Summer must have something to do with it as well. We all wear less and I’m loving the weather we’re having. It makes me ride my bike more and even though my mother told me I look weird with my pre-Raphaelite curls and a safety helmet that looks like something from Star Wars (I did have it on backwards at the time and I’m sure it did look weird and so probably did all the people who smiled at me that morning) I don’t really care about how I look on it. Goodness, Spiderman sits behind me in his bike chair pulling up my shirt, showing off my greying underwear to the world and I tend to have my skirt hoiked in my knickers. What difference does a weird headdress make? The photo at the top of the page was taken one of my lovely evening bike rides last week (thanks mother for making that possible) where I think I managed to get the helmet on the right way round.
Is my laundry boon simply down to summer or is there something else going on here, I wonder? You see, I too am on the brink of a new stage and feel I have a little more space for now (in my head at least) but maybe that also means a little more time. Son No 3 is now most definitely no longer a baby and I’ve never got to this point with a small person and not had another on the way. I have also come to the end of the module I was studying, well, apart from some reading I need to get sorted before embarking on the next. All of which is a good thing because more work is coming in and by September I hope to have signed up for another module which is, I think, going to be quite hard – I nearly changed my mind about it when I looked properly at the course work because I’m really setting myself quite a challenge if I go that route. Yikes!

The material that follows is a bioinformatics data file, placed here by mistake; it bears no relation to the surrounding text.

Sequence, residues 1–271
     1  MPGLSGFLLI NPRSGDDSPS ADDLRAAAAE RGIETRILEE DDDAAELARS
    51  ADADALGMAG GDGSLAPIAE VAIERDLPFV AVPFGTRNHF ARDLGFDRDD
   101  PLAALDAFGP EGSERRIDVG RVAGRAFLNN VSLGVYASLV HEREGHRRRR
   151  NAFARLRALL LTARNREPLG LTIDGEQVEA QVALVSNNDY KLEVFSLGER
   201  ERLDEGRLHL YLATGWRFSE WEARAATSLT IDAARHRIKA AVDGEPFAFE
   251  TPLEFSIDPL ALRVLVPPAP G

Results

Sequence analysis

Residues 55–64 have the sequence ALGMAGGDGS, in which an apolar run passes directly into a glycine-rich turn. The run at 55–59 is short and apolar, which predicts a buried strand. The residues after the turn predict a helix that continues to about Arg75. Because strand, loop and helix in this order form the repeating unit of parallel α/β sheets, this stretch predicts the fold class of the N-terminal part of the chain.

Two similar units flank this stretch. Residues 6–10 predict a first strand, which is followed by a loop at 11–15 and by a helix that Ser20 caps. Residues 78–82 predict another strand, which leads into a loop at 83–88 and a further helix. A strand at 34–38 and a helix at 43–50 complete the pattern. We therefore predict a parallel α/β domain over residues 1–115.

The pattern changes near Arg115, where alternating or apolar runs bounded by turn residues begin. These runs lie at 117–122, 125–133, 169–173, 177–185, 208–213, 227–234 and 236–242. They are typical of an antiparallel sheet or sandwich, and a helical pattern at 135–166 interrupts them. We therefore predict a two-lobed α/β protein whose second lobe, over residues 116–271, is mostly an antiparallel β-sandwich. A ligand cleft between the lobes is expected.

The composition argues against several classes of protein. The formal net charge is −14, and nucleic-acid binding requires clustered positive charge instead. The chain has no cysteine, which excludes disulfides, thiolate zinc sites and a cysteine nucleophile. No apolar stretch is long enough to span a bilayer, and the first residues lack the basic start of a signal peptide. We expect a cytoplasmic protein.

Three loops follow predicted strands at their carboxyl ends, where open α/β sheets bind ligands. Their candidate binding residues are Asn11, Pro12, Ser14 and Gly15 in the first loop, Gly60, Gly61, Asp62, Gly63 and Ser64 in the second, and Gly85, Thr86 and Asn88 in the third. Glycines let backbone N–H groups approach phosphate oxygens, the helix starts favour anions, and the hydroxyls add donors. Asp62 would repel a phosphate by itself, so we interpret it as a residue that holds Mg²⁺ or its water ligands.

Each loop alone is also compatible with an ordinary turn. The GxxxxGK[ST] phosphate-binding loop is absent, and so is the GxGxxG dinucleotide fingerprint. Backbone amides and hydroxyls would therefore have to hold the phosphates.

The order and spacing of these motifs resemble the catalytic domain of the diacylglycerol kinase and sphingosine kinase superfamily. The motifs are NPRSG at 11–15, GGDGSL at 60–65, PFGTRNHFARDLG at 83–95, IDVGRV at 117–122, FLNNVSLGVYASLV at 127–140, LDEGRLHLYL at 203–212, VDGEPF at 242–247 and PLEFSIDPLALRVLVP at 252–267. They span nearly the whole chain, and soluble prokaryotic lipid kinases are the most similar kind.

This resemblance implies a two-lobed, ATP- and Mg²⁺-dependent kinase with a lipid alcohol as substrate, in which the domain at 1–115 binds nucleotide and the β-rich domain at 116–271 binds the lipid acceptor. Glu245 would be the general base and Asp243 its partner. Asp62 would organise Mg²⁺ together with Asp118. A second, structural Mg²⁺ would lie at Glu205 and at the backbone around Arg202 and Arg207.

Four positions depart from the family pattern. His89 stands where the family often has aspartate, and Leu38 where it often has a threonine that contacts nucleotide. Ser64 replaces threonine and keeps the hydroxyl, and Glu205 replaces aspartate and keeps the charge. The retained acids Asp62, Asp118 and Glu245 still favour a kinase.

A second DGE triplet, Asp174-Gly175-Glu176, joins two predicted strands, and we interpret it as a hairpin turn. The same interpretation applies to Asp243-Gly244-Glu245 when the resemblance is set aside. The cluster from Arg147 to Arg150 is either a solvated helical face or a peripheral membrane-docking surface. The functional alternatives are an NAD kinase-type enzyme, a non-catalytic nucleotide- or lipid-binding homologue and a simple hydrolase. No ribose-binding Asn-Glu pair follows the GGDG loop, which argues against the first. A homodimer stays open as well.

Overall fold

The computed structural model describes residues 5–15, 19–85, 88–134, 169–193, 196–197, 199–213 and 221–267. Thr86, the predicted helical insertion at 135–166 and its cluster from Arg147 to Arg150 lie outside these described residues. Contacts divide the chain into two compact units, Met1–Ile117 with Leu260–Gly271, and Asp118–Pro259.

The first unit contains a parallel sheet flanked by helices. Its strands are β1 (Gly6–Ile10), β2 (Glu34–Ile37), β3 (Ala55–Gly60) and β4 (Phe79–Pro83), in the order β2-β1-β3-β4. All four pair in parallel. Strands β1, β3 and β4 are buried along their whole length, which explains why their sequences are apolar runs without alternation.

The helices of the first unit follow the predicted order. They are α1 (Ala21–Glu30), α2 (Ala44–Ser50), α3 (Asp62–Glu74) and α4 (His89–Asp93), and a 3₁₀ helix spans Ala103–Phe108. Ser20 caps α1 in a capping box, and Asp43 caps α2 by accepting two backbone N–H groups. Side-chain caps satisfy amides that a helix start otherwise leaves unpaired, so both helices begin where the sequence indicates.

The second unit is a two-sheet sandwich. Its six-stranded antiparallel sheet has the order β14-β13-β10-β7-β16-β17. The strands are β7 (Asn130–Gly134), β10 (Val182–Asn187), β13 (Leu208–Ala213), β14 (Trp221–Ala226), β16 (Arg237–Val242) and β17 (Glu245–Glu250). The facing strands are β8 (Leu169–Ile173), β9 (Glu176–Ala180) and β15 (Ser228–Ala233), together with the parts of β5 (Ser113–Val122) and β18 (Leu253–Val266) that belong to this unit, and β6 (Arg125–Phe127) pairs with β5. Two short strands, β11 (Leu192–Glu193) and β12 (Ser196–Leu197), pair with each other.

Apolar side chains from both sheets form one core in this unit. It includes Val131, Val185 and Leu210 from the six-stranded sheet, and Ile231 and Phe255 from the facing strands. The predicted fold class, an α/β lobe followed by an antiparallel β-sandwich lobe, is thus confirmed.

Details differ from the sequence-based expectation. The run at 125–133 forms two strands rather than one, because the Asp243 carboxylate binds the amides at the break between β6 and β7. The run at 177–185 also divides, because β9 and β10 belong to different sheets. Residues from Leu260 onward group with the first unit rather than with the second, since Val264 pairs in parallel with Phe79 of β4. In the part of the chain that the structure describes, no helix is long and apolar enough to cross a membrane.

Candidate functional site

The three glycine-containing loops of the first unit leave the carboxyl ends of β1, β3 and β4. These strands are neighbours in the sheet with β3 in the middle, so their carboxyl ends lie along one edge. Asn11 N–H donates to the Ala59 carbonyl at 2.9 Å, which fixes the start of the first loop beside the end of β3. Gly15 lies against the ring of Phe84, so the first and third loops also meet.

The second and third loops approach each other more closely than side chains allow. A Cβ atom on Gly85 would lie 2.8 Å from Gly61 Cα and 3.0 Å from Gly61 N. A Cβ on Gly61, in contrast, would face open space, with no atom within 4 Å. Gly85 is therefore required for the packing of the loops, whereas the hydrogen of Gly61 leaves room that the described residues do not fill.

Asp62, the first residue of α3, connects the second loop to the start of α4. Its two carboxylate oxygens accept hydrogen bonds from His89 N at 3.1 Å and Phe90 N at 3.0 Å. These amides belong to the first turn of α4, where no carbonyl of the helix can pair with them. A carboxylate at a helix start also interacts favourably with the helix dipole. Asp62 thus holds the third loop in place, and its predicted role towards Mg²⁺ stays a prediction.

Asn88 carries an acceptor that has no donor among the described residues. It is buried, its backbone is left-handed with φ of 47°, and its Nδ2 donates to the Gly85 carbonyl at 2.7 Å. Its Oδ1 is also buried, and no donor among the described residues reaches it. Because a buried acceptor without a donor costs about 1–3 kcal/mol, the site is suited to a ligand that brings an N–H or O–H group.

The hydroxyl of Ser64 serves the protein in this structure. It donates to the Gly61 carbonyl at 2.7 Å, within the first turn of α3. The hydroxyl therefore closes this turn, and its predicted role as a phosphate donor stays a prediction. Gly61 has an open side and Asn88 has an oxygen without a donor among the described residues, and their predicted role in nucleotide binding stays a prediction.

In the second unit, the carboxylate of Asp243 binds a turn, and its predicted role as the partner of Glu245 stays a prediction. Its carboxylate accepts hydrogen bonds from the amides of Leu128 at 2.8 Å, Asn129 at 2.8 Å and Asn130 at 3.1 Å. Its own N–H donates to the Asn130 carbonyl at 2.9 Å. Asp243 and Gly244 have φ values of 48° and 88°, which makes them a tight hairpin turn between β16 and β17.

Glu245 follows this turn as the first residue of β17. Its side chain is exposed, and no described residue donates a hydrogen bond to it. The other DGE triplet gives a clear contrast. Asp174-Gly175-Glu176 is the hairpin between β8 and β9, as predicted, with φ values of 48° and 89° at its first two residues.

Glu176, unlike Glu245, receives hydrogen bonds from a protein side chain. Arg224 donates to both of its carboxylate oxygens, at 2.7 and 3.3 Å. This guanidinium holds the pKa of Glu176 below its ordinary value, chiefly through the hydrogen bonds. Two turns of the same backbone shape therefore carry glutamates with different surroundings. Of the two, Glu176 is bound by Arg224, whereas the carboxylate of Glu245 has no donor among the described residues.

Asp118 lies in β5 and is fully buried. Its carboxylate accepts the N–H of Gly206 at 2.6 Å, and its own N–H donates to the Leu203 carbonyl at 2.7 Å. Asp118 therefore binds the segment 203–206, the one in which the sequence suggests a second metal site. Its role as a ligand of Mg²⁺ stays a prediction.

Whatever the cause for my sudden, unexpected, and terribly weird laundry miracle, which I don’t for a minute pretend to understand, as we stand on the threshold of the new, getting ready for the next era we’re all about to embark on, at least I know we all smell good and clean and fresh* as we go!
*Any South Africans my age – do please feel free to add the “♪tra ♪la ♪la” you won’t be able to stop yourself from hearing at the end of that phrase!